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Mazzella v. Colvin

United States District Court, Middle District of Pennsylvania

December 8, 2014

FRANK MAZZELLA, Plaintiff,
v.
CAROLYN W. COLVIN, Defendant.

ORDER

Robert D. Mariani, United States District Judge.

Presently before the Court are Magistrate Judge Cohn's Report and Recommendation ("R&R") (Doc. 19) and Plaintiff Frank Mazzella's Objections thereto. (Doc. 21). Magistrate Judge Cohn recommends that this Court deny Plaintiffs appeal, pursuant to 42 U.S.C. § 405(g), of the Social Security Commissioner's denial of his application for social security disability insurance benefits. (R&R at 18). The Administrative Law Judge ("ALT) determined that Mazzella retained the residual functional capacity to perform light work. (Tr. 39). Plaintiff asserts, "[N]o physician's opinion supports the ALJ's conclusion that Plaintiff can perform fulltime light work, and Plaintiff's treating physician has affirmatively opined that he cannot." (PL's Obj. at 7). Because it appears that the ALJ's residual functional capacity determination is based solely on the ALJ's lay opinion, rather than medical evidence, the decision of the Commissioner is not supported by substantial evidence.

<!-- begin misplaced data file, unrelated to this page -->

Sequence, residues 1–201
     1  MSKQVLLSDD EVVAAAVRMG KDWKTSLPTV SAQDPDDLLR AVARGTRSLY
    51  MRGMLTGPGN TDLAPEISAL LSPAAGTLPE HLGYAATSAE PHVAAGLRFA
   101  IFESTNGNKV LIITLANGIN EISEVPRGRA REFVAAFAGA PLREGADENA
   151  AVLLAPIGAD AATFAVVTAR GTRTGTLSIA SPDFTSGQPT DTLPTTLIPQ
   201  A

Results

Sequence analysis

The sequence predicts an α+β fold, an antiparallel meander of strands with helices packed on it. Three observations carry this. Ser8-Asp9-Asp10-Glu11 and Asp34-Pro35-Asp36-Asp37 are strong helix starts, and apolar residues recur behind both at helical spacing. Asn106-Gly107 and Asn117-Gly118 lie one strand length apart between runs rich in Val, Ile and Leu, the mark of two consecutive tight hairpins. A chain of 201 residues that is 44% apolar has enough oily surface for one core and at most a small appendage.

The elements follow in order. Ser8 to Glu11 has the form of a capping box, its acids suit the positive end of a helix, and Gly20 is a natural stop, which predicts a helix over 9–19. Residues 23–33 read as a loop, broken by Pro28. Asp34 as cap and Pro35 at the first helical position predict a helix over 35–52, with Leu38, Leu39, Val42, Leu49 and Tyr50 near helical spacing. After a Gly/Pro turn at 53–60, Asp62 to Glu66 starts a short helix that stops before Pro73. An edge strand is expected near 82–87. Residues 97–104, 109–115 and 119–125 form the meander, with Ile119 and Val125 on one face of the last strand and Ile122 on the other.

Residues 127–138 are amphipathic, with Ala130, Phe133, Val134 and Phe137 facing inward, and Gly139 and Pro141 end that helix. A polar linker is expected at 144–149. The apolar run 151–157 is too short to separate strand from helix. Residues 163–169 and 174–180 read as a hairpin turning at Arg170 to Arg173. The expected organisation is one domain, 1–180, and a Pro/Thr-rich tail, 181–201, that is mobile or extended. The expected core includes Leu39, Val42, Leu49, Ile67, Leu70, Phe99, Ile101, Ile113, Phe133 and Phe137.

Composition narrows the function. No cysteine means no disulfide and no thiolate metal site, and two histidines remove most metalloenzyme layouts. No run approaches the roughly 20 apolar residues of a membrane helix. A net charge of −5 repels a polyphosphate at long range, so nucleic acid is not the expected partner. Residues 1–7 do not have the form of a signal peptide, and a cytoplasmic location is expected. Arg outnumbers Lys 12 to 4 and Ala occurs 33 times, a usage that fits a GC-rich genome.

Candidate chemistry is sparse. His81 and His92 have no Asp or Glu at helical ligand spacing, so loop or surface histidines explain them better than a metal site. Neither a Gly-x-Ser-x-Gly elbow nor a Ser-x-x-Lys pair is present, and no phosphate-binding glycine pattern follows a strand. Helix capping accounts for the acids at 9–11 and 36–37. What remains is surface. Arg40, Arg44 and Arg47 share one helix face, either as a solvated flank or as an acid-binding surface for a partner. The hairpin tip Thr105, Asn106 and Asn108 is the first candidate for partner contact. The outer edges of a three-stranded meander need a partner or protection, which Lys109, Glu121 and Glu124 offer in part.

A residual functional capacity assessment must be based on a consideration of all the evidence in the record, including the testimony of the claimant regarding his activities of daily living, medical records, lay evidence and evidence of pain. See Burnett v. Comm'r of Soc. Sec. Admin., 220 F.3d 112, 121-22 (3d Cir. 2000). Rarely can a decision be made regarding a claimant's residual functional capacity without an assessment from a physician regarding the functional abilities of the claimant. See Doak v. Heckler, 790 F.2d 26, 29 (3d Cir. 1986) ("No physician suggested that the activity [the claimant] could perform was consistent with the definition of light work set forth in the regulations, and therefore the ALJ's conclusion that he could is not supported by substantial evidence."); 20 C.F.R. § 404.1545(a). "Federal courts have repeatedly held that an ALJ cannot speculate as to a Plaintiffs RFC; medical evidence speaking to a claimant's functional capabilities that supports the ALJ's conclusion must be invoked." Biller v. Acting Comm'r of Soc. Sec, 962 F.Supp.2d 761, 779 (W.D. Pa. 2013) (citations omitted); see also Gormont v. Astrue, 2013 WL 791455, at *8 (M.D. Pa. 2013) (collecting cases).